All weekend one would be forgiven a double take to how close Haas were to the big three. In quali they were easily Best of the Rest and slashed seven tenths off the deficit they had to Mercedes a couple of weeks earlier.

Relative to Ferrari the progress is more telling. In Baku, the American team were 1.9 seconds down on the Reds, but two weeks later they had closed the gap to seven tenths, they found over 1.5 seconds with the goodies they bolted on to their cars… without the updated Ferrari PU.

It was a remarkable turnaround of fortunes for the Guenther Steiner led team. They have now delivered a handy weapon for their drivers and now the pair need to stop making contact so that the hard work in the garage and stateside HQ gets the reward it deserves.

5. Toro Rosso

  • 1.837 seconds off the top time, six tenths worse off than Baku.

Much like the sister team Red Bull, Toro Rosso pace also dropped relative to Mercedes but not as much as rivals around them hence fifth place on the pecking order is their reward.

For the second race in a row, no Renault powered driver qualified ahead of one in a Honda-powered car, indicating that on the engine front the Japanese are now third in the PU-rankings and the French last.

6. Renault

  • 1.893 slower than Mercedes, but a tenth better than last time out in Azerbaijan.

For a works team, the budget they have and the drivers in their cars, Spain was an embarrassment for Renault as they dropped to last on the engine pecking order.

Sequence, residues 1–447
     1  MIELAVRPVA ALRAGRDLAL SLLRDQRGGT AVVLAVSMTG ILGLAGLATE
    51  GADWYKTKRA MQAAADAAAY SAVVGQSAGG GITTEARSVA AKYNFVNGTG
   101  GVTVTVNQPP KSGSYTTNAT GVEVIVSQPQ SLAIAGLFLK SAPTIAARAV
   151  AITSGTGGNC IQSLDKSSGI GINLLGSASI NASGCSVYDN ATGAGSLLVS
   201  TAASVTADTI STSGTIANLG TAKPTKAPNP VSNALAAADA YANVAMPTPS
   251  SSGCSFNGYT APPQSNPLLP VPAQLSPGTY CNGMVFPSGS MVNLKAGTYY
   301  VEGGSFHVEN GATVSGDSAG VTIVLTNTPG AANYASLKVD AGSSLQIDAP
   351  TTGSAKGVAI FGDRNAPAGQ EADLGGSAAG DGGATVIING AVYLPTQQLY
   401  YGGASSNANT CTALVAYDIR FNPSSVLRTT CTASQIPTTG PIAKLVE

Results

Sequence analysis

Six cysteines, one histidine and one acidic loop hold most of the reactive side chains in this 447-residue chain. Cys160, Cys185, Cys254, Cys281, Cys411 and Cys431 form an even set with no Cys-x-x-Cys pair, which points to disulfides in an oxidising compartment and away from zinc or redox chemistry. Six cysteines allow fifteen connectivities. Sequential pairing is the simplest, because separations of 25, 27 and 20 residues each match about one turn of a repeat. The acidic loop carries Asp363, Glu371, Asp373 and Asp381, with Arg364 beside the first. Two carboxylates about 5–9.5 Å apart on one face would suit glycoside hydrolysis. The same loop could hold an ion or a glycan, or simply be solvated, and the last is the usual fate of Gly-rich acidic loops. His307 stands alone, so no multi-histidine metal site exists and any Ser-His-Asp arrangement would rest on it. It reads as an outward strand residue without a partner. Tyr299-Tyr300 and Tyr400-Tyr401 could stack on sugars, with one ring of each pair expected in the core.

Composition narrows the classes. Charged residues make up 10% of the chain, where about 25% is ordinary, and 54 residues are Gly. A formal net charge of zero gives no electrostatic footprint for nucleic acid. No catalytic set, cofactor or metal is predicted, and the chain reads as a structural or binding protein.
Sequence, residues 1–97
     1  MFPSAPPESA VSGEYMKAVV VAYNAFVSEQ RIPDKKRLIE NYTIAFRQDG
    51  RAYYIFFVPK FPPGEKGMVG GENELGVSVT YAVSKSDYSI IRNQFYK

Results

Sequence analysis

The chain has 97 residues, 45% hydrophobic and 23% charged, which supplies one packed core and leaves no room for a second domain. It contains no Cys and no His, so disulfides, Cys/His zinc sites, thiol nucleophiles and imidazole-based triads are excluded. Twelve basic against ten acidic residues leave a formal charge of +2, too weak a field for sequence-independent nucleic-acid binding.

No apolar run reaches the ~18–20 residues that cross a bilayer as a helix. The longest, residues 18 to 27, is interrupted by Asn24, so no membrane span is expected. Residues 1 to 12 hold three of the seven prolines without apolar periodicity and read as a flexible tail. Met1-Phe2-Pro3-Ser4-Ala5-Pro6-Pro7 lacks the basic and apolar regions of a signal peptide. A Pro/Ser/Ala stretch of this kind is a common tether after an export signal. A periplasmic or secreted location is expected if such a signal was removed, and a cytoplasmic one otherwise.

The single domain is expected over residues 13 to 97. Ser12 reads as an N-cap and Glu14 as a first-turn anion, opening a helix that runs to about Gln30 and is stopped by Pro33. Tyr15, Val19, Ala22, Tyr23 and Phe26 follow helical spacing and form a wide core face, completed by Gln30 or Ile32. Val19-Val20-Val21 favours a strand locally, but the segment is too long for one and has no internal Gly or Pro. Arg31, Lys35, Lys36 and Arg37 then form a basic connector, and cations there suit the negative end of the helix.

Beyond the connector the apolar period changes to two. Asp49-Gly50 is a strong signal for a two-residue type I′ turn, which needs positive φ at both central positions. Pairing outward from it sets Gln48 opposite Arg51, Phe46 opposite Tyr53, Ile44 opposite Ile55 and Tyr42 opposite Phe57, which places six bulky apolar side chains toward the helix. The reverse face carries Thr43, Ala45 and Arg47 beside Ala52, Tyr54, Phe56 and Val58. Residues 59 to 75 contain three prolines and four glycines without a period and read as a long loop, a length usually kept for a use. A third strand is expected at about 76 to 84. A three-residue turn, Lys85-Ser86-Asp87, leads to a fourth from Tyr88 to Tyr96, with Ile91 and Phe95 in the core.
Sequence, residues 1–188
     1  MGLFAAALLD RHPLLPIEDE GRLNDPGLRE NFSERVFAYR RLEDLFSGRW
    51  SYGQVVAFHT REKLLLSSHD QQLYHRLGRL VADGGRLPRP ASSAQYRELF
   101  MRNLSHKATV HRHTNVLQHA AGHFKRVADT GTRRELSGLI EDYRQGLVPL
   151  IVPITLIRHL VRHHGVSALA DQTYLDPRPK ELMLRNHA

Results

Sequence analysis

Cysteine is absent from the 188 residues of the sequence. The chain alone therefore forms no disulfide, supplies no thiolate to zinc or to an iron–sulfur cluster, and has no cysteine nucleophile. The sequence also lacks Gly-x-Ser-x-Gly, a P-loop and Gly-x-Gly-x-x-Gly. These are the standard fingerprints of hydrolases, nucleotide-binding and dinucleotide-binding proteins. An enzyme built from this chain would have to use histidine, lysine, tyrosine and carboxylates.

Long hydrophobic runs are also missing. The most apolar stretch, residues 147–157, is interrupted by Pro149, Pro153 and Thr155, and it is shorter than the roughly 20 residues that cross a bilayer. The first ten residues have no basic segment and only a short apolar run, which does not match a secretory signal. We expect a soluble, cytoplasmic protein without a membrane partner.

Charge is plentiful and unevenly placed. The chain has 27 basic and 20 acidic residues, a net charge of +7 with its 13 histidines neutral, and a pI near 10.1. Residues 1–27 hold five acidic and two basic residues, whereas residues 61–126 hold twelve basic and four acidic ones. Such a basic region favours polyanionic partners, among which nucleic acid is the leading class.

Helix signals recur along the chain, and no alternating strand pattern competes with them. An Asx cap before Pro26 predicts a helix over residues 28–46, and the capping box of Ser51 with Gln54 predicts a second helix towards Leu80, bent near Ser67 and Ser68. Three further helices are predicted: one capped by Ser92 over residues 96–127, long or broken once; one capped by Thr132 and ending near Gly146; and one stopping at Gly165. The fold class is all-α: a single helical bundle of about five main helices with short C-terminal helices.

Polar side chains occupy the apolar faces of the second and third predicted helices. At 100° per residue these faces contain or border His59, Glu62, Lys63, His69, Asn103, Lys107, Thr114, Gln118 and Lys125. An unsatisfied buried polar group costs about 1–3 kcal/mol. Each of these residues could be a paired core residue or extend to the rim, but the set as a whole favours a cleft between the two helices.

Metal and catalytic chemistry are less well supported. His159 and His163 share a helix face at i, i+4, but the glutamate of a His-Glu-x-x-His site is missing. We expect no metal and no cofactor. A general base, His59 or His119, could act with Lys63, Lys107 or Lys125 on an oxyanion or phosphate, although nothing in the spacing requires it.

Their much vaunted new package delivered nothing significant or notable, for that matter, as no Renault powered car made it into Q3 and were never in the hunt for anything more than the small points. Prior to the safety car period, they were lapped by the leader as they have been in all races they have finished this year.

Not only is the works team in trouble their inefficiency is also impacting McLaren who are desperate for a revival but their engine supplier is doing them no favours.

7. McLaren

  • 1.932 off the pole winning time, half a second down on their best Baku effort.

In 2018, with Fernando Alonso at the wheel, McLaren were 1.6 seconds off the prime lap time suggesting that the team is pretty much where they were last year this time – the Spaniard always worth a few tenths on home soil.